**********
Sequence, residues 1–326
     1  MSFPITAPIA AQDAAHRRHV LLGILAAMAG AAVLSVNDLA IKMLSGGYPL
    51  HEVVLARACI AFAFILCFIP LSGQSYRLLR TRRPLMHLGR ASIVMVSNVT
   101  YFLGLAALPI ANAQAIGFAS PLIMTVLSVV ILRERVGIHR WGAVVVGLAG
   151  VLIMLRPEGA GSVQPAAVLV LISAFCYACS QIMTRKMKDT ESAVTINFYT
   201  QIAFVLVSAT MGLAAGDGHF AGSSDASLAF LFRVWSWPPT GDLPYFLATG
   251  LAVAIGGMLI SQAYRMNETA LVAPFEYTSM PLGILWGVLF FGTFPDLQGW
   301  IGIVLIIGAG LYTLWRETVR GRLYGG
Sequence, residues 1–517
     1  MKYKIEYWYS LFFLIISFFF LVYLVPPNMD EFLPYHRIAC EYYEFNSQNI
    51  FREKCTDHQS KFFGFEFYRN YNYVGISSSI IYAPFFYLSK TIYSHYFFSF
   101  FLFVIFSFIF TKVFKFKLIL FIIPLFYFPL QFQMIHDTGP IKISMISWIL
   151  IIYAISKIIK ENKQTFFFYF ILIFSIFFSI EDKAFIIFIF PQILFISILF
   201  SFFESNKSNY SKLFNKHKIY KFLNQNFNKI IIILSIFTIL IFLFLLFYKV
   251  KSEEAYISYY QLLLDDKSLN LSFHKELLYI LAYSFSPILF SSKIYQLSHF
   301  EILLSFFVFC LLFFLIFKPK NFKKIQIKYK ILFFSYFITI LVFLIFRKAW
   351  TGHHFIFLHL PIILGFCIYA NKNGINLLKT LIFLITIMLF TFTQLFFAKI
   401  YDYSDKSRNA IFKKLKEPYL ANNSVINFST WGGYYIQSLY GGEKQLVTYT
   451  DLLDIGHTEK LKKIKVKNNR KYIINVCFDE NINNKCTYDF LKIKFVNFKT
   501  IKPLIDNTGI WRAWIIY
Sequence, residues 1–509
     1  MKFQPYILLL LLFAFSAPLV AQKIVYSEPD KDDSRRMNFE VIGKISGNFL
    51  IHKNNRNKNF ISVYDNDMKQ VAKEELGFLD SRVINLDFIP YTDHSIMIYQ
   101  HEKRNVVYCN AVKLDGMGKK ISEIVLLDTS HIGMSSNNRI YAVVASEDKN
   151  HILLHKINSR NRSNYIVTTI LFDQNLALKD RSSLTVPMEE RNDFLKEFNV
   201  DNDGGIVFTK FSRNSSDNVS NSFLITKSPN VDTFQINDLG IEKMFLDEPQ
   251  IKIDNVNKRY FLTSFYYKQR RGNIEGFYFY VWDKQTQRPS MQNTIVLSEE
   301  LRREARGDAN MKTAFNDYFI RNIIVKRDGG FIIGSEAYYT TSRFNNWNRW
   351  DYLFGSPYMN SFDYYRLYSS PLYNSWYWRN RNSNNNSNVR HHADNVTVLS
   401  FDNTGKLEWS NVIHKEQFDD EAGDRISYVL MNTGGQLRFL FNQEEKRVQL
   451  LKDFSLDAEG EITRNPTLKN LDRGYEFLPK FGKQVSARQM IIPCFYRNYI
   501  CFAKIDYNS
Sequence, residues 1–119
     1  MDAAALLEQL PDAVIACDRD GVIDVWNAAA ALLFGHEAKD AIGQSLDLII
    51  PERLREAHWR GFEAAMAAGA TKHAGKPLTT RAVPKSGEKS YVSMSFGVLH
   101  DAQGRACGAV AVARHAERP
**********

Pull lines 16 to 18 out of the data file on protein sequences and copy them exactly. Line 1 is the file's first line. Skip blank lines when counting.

   301  EILLSFFVFC LLFFLIFKPK NFKKIQIKYK ILFFSYFITI LVFLIFRKAW
   351  TGHHFIFLHL PIILGFCIYA NKNGINLLKT LIFLITIMLF TFTQLFFAKI
   401  YDYSDKSRNA IFKKLKEPYL ANNSVINFST WGGYYIQSLY GGEKQLVTYT